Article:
Photoshop to vector
Background Painting Tutorial in Photoshop
by - Lisa Rye

This is in response to the number of people bugging me to do a background tutorial. ^^; Well... I'm no art student, most of what's in this tutorial is what I have figured out for myself with experimentation. I can't teach you to paint (I'm still learning myself), but I can teach you the steps I go through when creating a background for my pictures so that you can have somewhere to start.

For this tutorial you'll need to know a little about drawing, and know how to use a graphics editing program like Photoshop; (these principles should work for any other program like Painter or Paintshop Pro). I also recommended that you use a tablet rather than a mouse. Even though they're expensive, they make things so much quicker and easier. ^_^

1. Sketching

Pretty much everything I do starts from a sketch, whether that's on paper or straight onto the computer. I won't go into sketching in detail, I'll assume you know at least a little about drawing things like landscapes and objects. It never hurts to use references here and there but I strongly discourage copying. I looked at a few references for the buildings in the background as I wanted them to be "Konoha" style (the village in Naruto).

I also recommend that if you don't know anything about drawing perspectives you should go through a few perspective tutorials and practice working with them. It's a good idea to know where your vanishing points are if you're drawing any picture where there are buildings or anything with straight edges. It's also really important to know where your horizon line is in any picture.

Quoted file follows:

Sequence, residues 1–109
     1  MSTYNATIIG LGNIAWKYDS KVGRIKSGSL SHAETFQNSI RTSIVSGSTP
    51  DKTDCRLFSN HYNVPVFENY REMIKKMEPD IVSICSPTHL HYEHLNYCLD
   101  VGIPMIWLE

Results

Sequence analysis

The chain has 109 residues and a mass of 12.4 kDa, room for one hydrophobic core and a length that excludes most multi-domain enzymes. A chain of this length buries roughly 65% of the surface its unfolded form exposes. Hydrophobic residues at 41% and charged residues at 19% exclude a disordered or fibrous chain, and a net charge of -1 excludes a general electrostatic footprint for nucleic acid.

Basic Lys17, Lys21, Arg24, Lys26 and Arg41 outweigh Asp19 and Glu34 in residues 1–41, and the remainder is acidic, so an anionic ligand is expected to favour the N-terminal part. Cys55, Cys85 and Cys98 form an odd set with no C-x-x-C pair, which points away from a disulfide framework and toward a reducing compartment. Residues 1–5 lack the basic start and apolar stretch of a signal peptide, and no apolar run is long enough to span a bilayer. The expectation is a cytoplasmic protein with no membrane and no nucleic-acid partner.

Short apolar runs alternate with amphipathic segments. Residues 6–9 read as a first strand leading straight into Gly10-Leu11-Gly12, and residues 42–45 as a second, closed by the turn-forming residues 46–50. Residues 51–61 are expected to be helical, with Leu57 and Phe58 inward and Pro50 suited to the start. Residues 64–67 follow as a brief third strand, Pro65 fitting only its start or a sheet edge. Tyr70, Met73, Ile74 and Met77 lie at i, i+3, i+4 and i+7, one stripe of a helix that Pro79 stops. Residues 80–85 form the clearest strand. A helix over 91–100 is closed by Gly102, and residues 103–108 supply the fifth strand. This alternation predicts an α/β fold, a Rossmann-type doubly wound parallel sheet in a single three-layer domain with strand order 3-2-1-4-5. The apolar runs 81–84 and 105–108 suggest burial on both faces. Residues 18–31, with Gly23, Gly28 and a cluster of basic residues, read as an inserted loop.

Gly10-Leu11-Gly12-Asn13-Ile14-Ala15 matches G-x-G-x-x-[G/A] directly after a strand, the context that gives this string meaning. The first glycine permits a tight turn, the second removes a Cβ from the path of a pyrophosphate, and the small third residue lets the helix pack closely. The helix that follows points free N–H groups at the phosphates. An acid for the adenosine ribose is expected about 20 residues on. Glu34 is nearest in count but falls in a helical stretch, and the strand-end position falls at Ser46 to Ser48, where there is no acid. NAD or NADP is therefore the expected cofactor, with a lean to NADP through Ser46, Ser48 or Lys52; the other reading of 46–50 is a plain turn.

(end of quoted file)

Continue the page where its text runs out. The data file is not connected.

When I scan my sketches or linearts I usually scan at 300 dpi. If your computer can't handle large images, then resize the sketch/lineart, but generally it's best to keep your picture as large as possible. This is important later on, when you want to add details. Also if you ever want to print your image out in high quality, you'll need it to be large.

Here's the sketch I'm working with:

Original Sketch

Explanation of Perspectives

2. Atmosphere:

Before I colour the characters in the foreground (Naruto and the frog and toad), I need to decide on what atmosphere I want. I decided to go for a late evening colour scheme. It's important to have an idea of what colours your background will be even when you're colouring characters as everything within a picture is affected by the same colour lighting. You don't want your character to look pasted on. ^^;

Sketch with characters inked

Roughly coloured atmosphere

Lineart and Sketch layers are both on 'multiply'

3. Foreground

Moving along... I'm not going over how to colour your characters; there's plenty of good tutorials on that around. For this picture I used a soft brush for the shading; light is coming from the right.

Putting down the base colours

I'm using a lot of layers at the moment; you don't need to use a lot of layers if you're not used to them, but if you know how to use them it really can save you time and make things easier for you. -->

Finished shading and highlighting

When you're done, if your computer's giving you signs that you're running low on memory, then merge the foreground layers. -->

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PS: Tutorial written with the permission of the Author!
Lisa Rye